Trail a moon thin or thick
but don’t fall for a fool.
Circle your stagger
then circle the school.
Circle mosquitoes breeding in buckets.
Circle your parents asleep in chairs.
Circle bees trawling the wax museums of heaven.
Circle the honey,
 oh, circle the honey.
Circle a wallet’s dream of a gutter.
Circle two silos hungry for summer.
Circle a dish eating waves from the air.
Circle the village.
When you’ve traded your way
through the loop of a locket
and linked the ends of what isn’t there,
as your shadow unfolds again into stairs
dismiss wick and tallow,
rumor and adage.
Hang the circle you’ve circled in air
  and kick out the chair,
  kick out the chair.
Circle the village.

TW: I like the idea of setting out in a direction (in this case a circle) and then forcing things beyond themselves. Maybe that’s autoerotic asphyxiation via poetic method, in this case!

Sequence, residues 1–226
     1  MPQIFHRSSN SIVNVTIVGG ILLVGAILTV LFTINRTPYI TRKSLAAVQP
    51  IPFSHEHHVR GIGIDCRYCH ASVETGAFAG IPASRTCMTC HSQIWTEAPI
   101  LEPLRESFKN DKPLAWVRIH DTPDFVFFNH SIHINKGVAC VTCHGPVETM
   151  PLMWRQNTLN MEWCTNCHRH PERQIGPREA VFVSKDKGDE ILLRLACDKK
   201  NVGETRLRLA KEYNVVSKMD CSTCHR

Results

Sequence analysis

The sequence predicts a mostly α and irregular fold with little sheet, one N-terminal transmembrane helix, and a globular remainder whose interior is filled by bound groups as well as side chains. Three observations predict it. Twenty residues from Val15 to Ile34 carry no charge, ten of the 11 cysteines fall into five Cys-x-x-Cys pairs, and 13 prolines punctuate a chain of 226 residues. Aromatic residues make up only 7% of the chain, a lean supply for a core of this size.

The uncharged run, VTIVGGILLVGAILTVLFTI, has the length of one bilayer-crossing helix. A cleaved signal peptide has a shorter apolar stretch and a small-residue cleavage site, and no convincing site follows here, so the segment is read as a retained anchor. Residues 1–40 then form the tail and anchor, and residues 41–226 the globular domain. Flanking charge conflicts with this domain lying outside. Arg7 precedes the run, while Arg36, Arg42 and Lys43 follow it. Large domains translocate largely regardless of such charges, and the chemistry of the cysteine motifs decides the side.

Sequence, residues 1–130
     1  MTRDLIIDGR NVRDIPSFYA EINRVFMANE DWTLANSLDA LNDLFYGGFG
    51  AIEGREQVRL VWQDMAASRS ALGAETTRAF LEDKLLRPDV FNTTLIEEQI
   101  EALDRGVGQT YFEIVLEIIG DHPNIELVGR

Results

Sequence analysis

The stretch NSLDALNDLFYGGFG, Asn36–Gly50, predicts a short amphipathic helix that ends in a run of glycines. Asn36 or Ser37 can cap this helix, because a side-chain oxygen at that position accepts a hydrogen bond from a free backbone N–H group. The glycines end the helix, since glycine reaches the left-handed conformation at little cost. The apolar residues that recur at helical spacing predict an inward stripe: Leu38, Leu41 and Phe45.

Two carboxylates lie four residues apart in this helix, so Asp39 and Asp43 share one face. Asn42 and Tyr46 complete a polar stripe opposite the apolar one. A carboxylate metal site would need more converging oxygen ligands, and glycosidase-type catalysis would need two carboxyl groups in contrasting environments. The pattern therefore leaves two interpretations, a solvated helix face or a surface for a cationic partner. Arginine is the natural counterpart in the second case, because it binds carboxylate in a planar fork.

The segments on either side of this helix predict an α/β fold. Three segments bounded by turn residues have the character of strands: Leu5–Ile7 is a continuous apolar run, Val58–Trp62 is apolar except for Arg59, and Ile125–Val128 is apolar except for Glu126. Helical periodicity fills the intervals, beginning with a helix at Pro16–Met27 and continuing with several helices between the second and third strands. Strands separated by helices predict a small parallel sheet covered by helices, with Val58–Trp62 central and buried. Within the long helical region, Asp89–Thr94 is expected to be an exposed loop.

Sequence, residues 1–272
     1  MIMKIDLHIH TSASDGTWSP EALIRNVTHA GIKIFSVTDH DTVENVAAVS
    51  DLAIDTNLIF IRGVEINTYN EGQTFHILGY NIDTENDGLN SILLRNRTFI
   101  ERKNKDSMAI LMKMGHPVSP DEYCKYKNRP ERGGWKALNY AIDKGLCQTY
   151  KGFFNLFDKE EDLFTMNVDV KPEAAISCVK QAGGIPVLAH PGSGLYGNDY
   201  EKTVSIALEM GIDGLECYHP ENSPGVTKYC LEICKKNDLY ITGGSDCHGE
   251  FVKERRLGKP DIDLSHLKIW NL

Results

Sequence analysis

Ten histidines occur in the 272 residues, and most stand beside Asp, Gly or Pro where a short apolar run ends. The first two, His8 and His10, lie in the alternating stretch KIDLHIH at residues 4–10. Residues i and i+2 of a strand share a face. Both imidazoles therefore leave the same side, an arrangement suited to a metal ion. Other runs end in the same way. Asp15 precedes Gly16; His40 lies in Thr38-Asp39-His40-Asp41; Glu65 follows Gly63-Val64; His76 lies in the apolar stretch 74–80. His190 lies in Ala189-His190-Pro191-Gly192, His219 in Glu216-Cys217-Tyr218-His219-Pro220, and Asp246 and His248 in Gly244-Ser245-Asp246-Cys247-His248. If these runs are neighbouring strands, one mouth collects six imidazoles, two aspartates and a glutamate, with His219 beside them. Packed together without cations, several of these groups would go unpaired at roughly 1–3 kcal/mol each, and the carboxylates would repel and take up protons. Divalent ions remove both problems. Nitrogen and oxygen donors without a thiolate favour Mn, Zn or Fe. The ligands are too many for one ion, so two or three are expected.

MBA: What does your work desk look like?

TW: I sit in a chair in the sun and spread things out on floor, so I think the answer is probably a messy but very well-lit room in Florida!

MBA: Can you send me a few lines from a project you are working on right now? And describe its context?

TW: I’ve just started this, maybe, impossible work based on a recent mind-exploding residency in Crete. I query the relationship of Pasiphae and the white bull she has sex with by marrying splinters of that story with closed caption sound effects from season 3 of The Killing. ‘Is this a crime scene’ seems to be the question so far: